It's a test our grandparents (and other ancestors), who valued re-use of old, beat up things over status-based consumption of shiny, stylish new things and who didn't have the money to mitigate every discomfort, would have easily passed, but we, with our superior access to information and expanding scientific knowledge, fail miserably at. What this shows is that we live in a very different age than our grandparents. Ours is the age where we attach more value to a person based on material possessions and money than that person's character. The measure of man is not in his will but in his wallet.

When was the last time anyone walked into another person's home and said something like 'I see you're using that same refrigerator that you've had for 15 years, it's good to see you making the most of the material that went into it.' You're far more likely to hear, 'wow, you bought a new Cold Blaster Ice-O-Matic Wired Freezinator that tells you when you need milk!' I actually had a student say essentially this sort of thing to me when she noticed I'd bought a new oven. She said she wished hers would break down so she'd have an excuse to buy a new one because she didn't like the way the door on her oven opened from a hinge on the side rather than a hinge on the bottom. The value for her was in how the oven looked, not in how it worked. This is pretty common thinking in the age we currently live in where people scoff at others who still use old models of various devices as if doing so indicated a lack of taste or style. This is another indication of a lack of good character as the psychological roots of the need to deride people for their use of old possessions is a need to feel superior based on one's superior financial capability to consume.

In the near future, regardless of the reasons for global warming, we will be forced to live in a new age. Just as our grandparents had to get by on less sugar, nylon, rubber, etc. during World War II because of a scarcity of materials, we'll be forced to live differently because of diminishing fossil fuels, overwhelming amounts of trash, increased average temperatures, higher energy prices, reduced food sources and more disease and pestilence from the overheated earth. The only question is how soon and how bad it is. Those are questions that will be answered by the strength (or weakness) of our characters.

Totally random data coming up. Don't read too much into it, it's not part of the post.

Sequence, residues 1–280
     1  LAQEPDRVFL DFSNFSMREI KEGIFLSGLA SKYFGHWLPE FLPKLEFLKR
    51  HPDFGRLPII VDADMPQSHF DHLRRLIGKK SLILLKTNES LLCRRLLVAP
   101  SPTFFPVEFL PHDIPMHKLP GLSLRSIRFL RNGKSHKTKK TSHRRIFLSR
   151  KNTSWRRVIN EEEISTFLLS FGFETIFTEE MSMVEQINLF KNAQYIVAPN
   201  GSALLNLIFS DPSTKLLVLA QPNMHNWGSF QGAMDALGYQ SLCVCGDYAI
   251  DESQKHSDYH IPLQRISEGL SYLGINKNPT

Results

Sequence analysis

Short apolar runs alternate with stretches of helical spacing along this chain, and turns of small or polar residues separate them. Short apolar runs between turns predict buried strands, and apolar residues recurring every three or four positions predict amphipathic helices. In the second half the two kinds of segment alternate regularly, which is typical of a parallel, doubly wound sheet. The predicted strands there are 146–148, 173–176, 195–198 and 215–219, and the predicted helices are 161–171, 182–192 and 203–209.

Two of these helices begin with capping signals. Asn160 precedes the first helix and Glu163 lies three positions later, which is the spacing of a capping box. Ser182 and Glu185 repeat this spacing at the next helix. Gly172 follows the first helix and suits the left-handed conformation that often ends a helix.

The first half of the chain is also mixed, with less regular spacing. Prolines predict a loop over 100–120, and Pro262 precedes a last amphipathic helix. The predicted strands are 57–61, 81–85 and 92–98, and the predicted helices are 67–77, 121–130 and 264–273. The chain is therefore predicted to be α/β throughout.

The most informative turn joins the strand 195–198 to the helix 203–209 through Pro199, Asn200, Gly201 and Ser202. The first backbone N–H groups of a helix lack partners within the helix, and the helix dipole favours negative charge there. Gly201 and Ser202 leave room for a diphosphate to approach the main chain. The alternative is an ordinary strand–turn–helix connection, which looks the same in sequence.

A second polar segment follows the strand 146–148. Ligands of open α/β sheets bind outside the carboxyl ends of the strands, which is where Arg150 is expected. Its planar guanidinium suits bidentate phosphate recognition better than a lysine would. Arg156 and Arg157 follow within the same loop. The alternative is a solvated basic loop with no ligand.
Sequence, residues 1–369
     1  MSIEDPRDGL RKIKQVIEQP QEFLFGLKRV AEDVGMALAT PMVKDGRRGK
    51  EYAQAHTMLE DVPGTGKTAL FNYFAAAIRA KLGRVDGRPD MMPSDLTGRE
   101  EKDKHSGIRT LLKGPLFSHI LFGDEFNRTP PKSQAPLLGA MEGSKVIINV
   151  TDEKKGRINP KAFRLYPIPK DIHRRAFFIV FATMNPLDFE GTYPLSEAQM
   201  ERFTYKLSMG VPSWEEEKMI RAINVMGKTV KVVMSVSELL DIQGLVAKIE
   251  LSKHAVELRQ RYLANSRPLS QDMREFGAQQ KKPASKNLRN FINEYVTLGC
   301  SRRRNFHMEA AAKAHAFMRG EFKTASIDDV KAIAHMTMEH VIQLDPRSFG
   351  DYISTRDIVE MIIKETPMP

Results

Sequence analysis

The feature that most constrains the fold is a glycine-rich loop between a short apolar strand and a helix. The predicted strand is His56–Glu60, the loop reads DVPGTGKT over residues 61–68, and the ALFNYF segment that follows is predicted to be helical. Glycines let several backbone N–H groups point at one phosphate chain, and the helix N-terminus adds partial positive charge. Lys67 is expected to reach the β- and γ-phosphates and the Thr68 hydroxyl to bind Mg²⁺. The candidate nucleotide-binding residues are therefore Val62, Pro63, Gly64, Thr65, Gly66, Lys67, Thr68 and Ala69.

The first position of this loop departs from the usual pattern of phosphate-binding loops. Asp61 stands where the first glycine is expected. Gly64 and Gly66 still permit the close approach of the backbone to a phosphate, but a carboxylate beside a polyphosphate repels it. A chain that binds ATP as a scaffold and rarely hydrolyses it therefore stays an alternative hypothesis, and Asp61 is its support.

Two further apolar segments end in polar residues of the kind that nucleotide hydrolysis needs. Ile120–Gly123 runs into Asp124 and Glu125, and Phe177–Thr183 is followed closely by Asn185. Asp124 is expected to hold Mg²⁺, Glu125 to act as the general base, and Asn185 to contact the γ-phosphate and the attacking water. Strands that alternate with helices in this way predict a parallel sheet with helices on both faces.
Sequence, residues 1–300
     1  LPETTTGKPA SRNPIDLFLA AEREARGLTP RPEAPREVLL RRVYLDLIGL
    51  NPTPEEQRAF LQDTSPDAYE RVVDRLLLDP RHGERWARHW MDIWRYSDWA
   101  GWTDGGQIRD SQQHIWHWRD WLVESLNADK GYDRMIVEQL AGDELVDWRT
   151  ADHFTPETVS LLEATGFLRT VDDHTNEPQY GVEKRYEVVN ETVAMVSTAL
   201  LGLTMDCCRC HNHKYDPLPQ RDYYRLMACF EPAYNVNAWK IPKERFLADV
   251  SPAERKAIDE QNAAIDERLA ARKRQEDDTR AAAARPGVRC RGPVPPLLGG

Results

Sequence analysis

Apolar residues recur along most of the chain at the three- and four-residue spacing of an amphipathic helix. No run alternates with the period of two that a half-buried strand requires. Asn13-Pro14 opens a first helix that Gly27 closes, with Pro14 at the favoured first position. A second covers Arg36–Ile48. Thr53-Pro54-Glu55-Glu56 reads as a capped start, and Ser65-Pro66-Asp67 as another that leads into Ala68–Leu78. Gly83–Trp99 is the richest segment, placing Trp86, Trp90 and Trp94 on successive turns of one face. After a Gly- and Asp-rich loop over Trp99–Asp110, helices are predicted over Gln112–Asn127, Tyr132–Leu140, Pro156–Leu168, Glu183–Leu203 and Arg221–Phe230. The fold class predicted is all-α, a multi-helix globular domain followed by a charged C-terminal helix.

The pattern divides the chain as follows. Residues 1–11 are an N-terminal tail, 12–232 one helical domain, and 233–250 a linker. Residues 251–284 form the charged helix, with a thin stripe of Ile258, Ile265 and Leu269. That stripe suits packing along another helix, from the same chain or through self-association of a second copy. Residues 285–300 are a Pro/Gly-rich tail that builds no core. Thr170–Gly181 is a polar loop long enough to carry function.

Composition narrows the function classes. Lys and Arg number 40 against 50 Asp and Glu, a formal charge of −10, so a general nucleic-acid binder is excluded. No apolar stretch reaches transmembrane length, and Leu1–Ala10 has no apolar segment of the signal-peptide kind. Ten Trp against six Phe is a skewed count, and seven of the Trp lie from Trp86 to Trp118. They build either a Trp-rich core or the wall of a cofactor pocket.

Miko said...

I don't often think about this issue because my brain is crowded with so many other worries, but I *do* have a very big commitment to living my life as simply and frugally as possible, and I believe that I'm on the right track to reducing my ecological footprint as a result.

1. I don't own a car, and rely either on footpower or public transport (admittedly this is very easy to do in a Japanese city, in fact it would probably be much harder to get around in a car).

2. My son and I live in a manner that would be considered downright spartan by others. For example, we don't have running hot water in either the kitchen or bathroom sink, and we rely on a basic gas heater for the shower water. We try to limit our showers to less than five minutes. We buy only foods that require minimal cooking time. We even unplug all our appliances when we aren't using them. Tumble dryer? What's that?

3. This year we made a resolution to not buy any new clothing or shoes at all (traditionally we bought new gear every season) and not to worry about following fashions. I admit that it's been hard, because my image is very important to me, but I'm doing okay so far. I'm embarrassed to say that I have so many clothes that it'll take me a good decade or two to wear them all out.

4. One of my hobbies is travelling around Japan. I'm making an effort to stop flying everywhere, but it's really hard to forgo the convenience, and sometimes not feasible (I mean, one can hardly take a train to Okinawa!). In the meantime, I'm thinking about staying closer to home, rather than going to far-flung destinations. Or even - gasp! - not leaving home in the first place.